An anemic follow-up to The Omnivore’s Dilemma examines food in a nutritional rather than an environmental context.
As Pollan (Science and Environmental Journalism/Univ. of California, Berkeley) acknowledges on the first page, his thesis is simple. “Eat food,” he writes. “Not too much. Mostly plants.” Of course it’s not as easy as all that. Like many modern nutritionists, Pollan is critical of what he calls the Western diet, which has been responsible for widespread obesity, heart disease, diabetes and cancer. To blame for this, Pollan argues, is the fact that in the last century in particular, Western societies have replaced natural, whole foods with processed food products increasingly loaded with sugars, fats and sodium. We have rationalized these decisions not only by blaming cultural changes, efficiency and convenience, but also by pitting the damages against one another in a health war. Blaming fats, for example, takes the pressure off of carbohydrates, and vice versa. But hope is not lost, says the author. With a newfound emphasis on locally grown agriculture and organic farming, Pollan claims that it is more possible than ever to avoid the problems of the Western diet without sacrificing quality of life. The author backs his theories with a variety of research, including a particularly compelling study from 1982 that sent Westernized Aborigines in Western Australia back to their natural diet in the outback, and found a drastic reduction in every typically Western health problem. While his research is sound and well-organized, the academic, secondary source–reliant text lacks the punch of the author’s usual hands-on approach.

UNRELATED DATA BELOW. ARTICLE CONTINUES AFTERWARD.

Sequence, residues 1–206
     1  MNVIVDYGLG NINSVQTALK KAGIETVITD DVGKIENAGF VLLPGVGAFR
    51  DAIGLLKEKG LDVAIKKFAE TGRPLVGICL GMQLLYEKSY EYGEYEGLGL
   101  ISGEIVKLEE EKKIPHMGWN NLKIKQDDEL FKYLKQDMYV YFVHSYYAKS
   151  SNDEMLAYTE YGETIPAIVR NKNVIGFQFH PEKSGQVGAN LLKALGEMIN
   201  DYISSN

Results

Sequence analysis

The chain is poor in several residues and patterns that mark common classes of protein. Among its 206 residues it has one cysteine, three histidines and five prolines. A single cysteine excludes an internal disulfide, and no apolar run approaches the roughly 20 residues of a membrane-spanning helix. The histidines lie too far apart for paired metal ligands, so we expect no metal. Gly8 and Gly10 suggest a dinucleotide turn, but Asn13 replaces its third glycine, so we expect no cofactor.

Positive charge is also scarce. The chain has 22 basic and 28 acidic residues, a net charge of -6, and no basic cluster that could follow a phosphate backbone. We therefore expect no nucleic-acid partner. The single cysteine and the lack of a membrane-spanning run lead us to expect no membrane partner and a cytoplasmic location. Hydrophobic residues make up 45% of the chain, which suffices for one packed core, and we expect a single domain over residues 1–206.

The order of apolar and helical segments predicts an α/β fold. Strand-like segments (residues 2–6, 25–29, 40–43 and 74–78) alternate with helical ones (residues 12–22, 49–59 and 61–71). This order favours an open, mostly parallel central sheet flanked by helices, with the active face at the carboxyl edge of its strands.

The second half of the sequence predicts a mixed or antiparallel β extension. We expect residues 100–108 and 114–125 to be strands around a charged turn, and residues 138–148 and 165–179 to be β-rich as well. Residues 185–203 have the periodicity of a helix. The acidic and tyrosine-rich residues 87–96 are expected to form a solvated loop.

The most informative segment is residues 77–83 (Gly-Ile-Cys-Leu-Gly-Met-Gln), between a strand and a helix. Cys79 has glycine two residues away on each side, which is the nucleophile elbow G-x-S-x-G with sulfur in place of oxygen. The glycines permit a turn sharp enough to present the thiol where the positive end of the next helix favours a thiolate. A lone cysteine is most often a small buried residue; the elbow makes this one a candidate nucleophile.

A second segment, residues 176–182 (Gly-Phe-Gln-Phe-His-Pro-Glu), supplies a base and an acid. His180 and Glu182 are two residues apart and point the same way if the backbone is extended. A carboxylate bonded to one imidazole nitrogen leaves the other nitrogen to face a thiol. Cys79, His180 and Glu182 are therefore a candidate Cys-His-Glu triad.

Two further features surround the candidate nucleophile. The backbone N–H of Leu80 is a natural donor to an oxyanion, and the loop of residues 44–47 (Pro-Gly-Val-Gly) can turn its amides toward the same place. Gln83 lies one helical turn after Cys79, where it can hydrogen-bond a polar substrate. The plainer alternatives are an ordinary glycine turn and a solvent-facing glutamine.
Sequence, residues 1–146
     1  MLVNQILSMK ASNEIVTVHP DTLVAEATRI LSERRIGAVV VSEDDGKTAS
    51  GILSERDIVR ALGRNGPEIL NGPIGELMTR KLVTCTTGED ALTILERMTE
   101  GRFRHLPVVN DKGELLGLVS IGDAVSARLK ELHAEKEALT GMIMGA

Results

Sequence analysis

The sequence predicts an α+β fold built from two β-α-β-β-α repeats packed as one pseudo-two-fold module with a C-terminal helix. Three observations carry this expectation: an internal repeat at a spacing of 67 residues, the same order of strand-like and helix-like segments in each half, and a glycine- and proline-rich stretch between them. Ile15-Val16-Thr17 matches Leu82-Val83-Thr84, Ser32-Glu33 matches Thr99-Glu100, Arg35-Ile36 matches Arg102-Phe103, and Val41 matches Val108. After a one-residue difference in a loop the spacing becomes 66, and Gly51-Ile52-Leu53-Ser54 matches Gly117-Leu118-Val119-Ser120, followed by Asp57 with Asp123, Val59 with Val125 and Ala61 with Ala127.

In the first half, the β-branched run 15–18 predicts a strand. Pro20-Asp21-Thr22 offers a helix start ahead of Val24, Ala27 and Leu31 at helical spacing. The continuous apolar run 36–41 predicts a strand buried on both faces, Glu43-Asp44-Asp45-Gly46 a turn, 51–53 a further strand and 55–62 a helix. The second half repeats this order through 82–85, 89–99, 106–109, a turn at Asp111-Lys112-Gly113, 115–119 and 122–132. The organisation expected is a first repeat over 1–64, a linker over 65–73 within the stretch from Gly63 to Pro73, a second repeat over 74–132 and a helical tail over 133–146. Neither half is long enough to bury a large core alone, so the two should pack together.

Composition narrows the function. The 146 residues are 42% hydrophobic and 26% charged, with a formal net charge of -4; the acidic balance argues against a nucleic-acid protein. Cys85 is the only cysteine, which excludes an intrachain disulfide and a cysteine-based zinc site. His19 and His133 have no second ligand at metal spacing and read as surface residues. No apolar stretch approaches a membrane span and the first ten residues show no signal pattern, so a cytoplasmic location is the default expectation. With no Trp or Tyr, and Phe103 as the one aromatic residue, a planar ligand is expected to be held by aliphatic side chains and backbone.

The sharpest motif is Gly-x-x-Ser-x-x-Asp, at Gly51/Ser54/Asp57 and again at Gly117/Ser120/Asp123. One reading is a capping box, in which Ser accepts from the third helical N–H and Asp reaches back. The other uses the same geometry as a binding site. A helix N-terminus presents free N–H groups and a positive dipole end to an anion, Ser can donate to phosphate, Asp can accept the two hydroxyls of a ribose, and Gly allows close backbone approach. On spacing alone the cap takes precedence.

Solid advice for healthy eating, but lacks Pollan’s arrestingly original journalistic flair.